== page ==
The castle is typical of later-medieval castles in that much attention was placed on comfortable living quarters, and as such its value as a military fortification has been doubted. Though the moat is a good barrier, the walls of the castle are not very thick, and there is only one line of defence (unlike a concentric castle). When it was built, early cannons were already in use, but castles were still valuable as bases for troops even if they were becoming more vulnerable to direct attack.

At the time of building, England and France were fighting the Hundred Years' War, which had started in 1337. The south coast of England, where Bodiam was to be built, was in constant threat of French invasion. The castle ostensibly defends the upper reaches of a river that was navigable to Bodiam in medieval times. But no invasion from France ever came and Bodiam was never involved in an official siege.

The castle was conveniently well positioned for the shipment of untaxed wool directly to northern Italy where contemporaries of Sir Edward like John Hawkwood had become successful mercenaries. With the collapse of the Florence-based Peruzzi Bank (bankers to Edward III), traditional finance for the export of wool was limited. And as Canterbury had lost the wool staple to the northern Kent port of Queenborough in 1368, opportunities for exporters of wool from East Sussex had been enhanced given an already hefty export tax of fifty shillings a sack.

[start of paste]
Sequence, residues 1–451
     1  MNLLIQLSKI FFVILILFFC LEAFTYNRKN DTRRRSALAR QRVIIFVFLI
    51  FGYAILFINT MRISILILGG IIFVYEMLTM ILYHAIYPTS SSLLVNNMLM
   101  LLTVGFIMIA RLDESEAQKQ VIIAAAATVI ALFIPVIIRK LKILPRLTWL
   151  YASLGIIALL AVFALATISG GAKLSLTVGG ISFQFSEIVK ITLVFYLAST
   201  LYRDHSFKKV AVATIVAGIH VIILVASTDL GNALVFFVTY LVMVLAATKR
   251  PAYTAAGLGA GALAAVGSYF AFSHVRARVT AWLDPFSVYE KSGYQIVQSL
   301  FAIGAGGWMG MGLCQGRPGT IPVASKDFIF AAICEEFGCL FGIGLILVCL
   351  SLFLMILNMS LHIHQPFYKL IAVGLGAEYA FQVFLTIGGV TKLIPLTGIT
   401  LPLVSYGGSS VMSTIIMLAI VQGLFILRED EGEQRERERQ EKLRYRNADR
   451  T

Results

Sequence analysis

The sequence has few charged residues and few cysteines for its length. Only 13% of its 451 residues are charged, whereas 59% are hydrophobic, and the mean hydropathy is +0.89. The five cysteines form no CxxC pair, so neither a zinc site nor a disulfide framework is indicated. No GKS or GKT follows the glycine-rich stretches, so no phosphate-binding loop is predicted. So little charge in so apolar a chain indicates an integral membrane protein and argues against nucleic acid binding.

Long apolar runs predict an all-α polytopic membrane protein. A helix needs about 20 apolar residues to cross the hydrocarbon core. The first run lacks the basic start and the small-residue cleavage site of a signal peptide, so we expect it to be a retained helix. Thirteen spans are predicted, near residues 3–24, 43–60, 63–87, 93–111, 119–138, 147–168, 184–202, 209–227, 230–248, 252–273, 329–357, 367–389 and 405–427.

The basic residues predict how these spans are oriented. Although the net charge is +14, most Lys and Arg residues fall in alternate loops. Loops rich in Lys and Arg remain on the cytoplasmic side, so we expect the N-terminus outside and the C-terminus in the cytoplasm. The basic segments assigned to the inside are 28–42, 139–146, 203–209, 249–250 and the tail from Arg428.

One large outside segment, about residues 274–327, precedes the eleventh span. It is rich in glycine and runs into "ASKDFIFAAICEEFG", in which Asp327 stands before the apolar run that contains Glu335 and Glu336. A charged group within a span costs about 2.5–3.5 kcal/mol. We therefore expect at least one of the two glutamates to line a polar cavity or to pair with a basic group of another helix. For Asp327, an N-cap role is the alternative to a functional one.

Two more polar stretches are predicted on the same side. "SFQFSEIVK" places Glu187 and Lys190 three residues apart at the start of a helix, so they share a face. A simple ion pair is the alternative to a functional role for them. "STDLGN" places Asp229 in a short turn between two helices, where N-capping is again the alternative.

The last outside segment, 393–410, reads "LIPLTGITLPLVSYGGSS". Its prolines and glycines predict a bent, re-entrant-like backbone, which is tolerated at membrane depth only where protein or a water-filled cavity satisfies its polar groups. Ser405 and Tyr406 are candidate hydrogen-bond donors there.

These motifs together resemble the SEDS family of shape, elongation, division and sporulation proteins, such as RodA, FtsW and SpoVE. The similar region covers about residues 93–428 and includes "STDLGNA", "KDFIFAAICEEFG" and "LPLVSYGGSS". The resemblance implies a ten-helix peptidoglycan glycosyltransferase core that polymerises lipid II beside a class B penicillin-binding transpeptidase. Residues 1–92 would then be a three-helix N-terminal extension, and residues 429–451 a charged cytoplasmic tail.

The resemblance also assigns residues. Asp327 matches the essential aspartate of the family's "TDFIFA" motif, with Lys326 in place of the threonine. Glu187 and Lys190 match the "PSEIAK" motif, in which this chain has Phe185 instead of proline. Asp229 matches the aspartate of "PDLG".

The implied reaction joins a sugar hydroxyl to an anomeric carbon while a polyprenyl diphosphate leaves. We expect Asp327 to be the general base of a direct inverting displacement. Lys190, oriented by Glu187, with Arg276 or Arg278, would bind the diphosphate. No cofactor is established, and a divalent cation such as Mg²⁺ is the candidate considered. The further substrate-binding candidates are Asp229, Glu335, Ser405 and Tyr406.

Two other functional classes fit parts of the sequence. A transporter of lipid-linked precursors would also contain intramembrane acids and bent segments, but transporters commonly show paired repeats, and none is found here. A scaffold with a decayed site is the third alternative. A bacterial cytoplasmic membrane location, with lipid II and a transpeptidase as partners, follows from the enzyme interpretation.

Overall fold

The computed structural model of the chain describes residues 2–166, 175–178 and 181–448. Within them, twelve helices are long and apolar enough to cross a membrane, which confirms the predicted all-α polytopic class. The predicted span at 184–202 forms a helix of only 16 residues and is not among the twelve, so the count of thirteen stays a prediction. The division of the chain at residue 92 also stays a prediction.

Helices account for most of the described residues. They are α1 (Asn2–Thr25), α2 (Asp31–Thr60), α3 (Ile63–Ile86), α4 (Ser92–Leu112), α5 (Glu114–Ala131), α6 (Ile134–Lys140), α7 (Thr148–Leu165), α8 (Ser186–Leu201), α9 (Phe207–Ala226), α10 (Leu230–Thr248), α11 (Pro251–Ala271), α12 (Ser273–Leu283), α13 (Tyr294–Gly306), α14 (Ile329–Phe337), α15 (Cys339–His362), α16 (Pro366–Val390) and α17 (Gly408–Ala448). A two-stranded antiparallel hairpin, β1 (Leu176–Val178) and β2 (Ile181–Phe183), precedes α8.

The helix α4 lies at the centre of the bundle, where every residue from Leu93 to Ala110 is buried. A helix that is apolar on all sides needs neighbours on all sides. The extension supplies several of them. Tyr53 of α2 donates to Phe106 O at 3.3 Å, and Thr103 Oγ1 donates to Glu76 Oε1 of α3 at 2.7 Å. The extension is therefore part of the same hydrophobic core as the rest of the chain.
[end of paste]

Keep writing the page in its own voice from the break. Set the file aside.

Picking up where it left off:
Sir Edward died in July or August 1393 and the castle passed to his son, John, before eventually being inherited by Sir Thomas Lewknor and family in the late fifteenth century. During the centuries since its building, the castle was owned by a succession of powerful Sussex families, including the Bosvilles and the Tuftons, who purchased the castle in June 1623 from the Levett family[2], for whom the lane in front of the castle today is named.[3] After slighting in 1664 it fell into decay until the 20th Century, at one point its stones even looted by local builders.

The castle was acquired and restored by Lord Curzon and bequeathed by him to the National Trust in September 1926.


The reed beds and moat of Bodiam Castle are home to moorhens, chaffinches, mallards, and a singular Muscovy duck.

Popular culture

The picturesque castle has been seen in several films and videos. These include Monty Python and the Holy Grail , in an establishing shot identifying it as "Swamp Castle" in the "Tale of Sir Lancelot" sequence, the music video for Saxon's 1983 single "Power and the Glory", and the music video for Enya's song "The Celts". It also appeared in the Doctor Who episode "The King's Demons". Bodiam Castle was also used for the exteriors of Huntington Castle in the third season of Robin of Sherwood in the two-part episode "Herne's Son", and as an unnamed rural castle in Joe's Palace. The castle was also featured in several episodes of the cult ITV series Knightmare, being used as both a background setting and a VR background in which the dungeoneers walked in. The castle was also featured in an aerial shot in Mannheim Steamroller's "God Rest Ye Merry Gentlemen" video, often being shown on huge screens when on tour.


  1. ^ Sussex Archaeological Collections, Vol. XXXIX, Sussex Archaeological Society, Farncombe & Co., Lewes, 1894
  2. ^ Deed of Conveyance by Edward Glemham to John Levett of Bodiam Castle, Descriptive Catalogue of the Original Charters, Royal Grants, and Donations, Monastic Chartulary, Muniments of Battle Abbey Founded by King William the Conqueror, Thomas Thorpe, London, 1835
  3. ^ Bodiam and Its Lords, Mark Antony Lower, printed by John Russell Smith, London,1871